Extended access

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Local residents can now access more evening and weekend appointments with a GP, nurse or healthcare assistant. GP practices are working together to offer patients appointments at more convenient times when they call their local practice.

Extended access hours

Monday to Friday: 6.30pm to 8pm

Saturday, Sunday and public holidays: 9am to 3pm (at these times, please phone 01702 742102 to make an appointment).

To make an appointment, you can call your own GP practice during normal business hours and choose which hub you would like to attend for your appointment (Queensway Surgery or North Shoebury Surgery).

These appointments are in addition to the usual GP surgery opening hours from 8am to 6.30pm. It means that when patients contact their doctor they will be offered appointments at an accessible time and day at surgeries where appointments are available, which may not always be patient’s usual practice.

Patient Transport Services

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Non-emergency patient transport services provide transport to and from NHS services for people who have a medical need for it.

In south Essex, non-emergency patient transport is provided by East of England Ambulance Service (EEAST) and Thames Ambulance Services Limited (TASL) for patients with a medical need. You can find out more about the service provide by EEAST on their website: https://www.eastamb.nhs.uk/your-service/patient-transport.htm

This service uses a wide range of vehicle types and levels of care that are consistent with the patients’ medical needs.

Eligibility for Patient Transport Services

You can call the East of England Ambulance Service to see if you are eligible for Patient Transport Services. You'll be asked a series of questions to determine whether you are eligible, please answer these as accurately as possible.

The number for South Essex patients is: 0300 0134997 

For further information on who is eligible for Patient Transport Services, download the eligibility criteria below:

Patient Transport Services Eligibility Criteria February 2018


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Sepsis is a rare but serious complication of an infection. Without quick treatment, it can lead to mulitple organ failure and death.

Anyone can develop sepsis after an injury or minor infection, although some people are at higher risk such as those with a weakened immune system, a serious illness, the very young or very old, or those who have just had surgery or wounds as a result of an accident.

Find out more about the campaign launched in south east Essex.

Sophie's son George contracted sepsis when he was 10-weeks-old. She tells her story here:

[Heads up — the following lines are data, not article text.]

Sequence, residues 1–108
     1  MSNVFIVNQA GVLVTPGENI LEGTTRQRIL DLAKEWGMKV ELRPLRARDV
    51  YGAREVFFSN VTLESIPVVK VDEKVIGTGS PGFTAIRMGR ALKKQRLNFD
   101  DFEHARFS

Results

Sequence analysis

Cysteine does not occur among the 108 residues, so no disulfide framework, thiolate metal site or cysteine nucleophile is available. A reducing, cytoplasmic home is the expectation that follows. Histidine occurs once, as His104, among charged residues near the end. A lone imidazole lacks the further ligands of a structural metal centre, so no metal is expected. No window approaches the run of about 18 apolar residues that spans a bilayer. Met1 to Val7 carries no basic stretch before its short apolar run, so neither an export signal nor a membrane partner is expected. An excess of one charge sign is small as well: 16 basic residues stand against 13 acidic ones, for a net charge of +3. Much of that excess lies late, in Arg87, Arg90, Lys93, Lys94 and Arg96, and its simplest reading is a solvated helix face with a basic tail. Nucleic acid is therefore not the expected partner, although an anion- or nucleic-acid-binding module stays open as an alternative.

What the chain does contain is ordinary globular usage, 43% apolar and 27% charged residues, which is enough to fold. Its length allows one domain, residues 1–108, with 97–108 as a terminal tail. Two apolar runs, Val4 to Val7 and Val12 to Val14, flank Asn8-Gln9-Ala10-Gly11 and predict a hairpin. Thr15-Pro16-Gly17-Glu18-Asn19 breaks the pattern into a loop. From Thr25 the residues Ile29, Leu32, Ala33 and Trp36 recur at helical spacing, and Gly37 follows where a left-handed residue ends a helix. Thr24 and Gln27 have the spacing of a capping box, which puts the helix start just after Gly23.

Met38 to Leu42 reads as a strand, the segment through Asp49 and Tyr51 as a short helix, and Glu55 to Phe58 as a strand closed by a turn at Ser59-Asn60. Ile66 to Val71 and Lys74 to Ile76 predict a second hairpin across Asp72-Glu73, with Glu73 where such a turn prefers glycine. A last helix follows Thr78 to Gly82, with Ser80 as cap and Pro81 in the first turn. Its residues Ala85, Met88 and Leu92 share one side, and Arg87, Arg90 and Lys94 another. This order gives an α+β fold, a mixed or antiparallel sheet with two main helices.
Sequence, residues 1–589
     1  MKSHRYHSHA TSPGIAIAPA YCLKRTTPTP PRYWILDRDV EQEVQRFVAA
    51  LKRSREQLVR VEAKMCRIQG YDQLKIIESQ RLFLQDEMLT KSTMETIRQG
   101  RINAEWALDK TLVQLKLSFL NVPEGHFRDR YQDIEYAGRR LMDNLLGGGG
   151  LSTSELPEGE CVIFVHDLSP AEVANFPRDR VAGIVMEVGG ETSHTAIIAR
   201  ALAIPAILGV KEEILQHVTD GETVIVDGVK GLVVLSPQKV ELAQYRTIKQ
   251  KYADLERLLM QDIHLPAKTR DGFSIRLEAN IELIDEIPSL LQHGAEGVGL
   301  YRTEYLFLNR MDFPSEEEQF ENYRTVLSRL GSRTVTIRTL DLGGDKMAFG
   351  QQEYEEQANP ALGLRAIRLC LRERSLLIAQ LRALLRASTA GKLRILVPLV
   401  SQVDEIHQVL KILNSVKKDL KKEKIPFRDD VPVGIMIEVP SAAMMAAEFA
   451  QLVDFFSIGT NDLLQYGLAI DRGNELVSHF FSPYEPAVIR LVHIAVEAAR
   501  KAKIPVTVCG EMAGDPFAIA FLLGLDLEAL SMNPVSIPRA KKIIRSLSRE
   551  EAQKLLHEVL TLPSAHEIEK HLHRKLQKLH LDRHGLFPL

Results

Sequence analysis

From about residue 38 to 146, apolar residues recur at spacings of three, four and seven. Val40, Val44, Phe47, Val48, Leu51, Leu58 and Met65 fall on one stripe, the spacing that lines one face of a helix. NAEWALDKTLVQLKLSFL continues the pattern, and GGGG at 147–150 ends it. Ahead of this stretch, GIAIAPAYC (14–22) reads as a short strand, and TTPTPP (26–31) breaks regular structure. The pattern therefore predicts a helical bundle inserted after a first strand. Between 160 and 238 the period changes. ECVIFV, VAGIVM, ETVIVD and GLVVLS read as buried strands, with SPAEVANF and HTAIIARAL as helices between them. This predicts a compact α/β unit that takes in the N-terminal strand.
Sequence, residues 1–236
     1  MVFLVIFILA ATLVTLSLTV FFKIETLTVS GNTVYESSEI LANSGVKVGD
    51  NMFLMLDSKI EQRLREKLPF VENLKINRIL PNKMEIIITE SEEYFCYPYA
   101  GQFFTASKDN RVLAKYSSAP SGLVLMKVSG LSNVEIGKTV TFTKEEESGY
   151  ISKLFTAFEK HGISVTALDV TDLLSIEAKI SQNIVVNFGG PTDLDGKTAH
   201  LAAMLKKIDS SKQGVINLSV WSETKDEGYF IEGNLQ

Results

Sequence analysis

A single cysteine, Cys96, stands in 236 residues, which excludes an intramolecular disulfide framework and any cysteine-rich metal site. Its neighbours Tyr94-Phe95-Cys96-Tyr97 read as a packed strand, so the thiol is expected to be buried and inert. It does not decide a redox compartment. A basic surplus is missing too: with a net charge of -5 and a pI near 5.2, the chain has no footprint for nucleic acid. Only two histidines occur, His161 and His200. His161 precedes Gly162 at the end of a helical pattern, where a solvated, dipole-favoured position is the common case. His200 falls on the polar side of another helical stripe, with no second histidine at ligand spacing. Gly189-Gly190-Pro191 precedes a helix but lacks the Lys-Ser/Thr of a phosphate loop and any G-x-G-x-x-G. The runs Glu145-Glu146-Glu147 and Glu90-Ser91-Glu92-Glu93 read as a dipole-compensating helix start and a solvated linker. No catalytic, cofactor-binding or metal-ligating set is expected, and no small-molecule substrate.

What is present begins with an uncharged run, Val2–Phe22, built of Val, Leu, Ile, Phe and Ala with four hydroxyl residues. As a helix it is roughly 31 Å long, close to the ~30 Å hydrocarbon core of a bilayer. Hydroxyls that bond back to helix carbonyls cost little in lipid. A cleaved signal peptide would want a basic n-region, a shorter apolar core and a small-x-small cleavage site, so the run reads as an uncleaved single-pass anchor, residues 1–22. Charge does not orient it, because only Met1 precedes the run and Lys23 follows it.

Spotting the signs of sepsis in children:

Symptom Card Child

Spotting the signs of sepsis in adults:

Symptom Card Adult


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This winter, health professionals across mid and south Essex will be encouraging people with respiratory conditions to stay well by joining in with a new campaign #Scarfie, launching on 4 December 2017.

More than 93,000 people across our area in mid and south Essex have asthma and COPD – a lung condition that causes difficulty with breathing. Cold air is a common asthma trigger and can make health worse.

We want to encourage as many people as possible to stay well when temperatures drop this winter. One simple tip is to wear a scarf loosely across your mouth, this warms up air before you breathe it in and can help people with asthma and other lung conditions.

#Scarfie, an Asthma UK campaign, encourages people to take a selfie wearing a scarf and share this simple tip widely with friends and loved ones.

Below are some ways you might want to wear your #Scarfie from Asthma UK. For more information about staying well this winter click here and further tips for good self-care can be found here.



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Self-care is the best choice to treat minor illnesses and injuries. A large range of common illnesses and injuries can be treated at home simply with over-the-counter medicines and plenty of rest. This could include treatment for the following:

  • Minor aches and pains
  • Minor sprains, sports injuries, grazed knee and scars
  • Coughs, colds, blocked noses, fevers and sore throat
  • Hangover

Below are some other top tips to help you take care of yourself:

  1. Be prepared for most common ailments by keeping a well-stocked medicine cabinet at home. Find out what should be included here.
  2. Speak to your local pharmacist - many medicines for minor illness and ailments are avaiable over-the-counter.
  3. Get your flu jab during the winter season. You may be entitled to a free one - ask your GP or pharmacist for details
  4. Keep active to stay physically and mentally well
  5. Be mindful that sometimes symptoms can last longer than you think - sore throats can last an average of eight days
  6. Don’t forget, antibiotics don’t work on sore throats, coughs or colds

Visit the NHS Choices website to find what changes you can make in order to take care of yourself and find out what works best for you.

Remember, if you’re not sure whether you need to go to A&E, call NHS 111 first.

Self Care Fact Sheets

Below you can find guidance to help you take care of the most common ailments in a series of fact sheets written by the Self Care Forum. These provide useful facts about your condition, what you can expect to happen, how to help yourself, when you should see your GP and where to find out more information.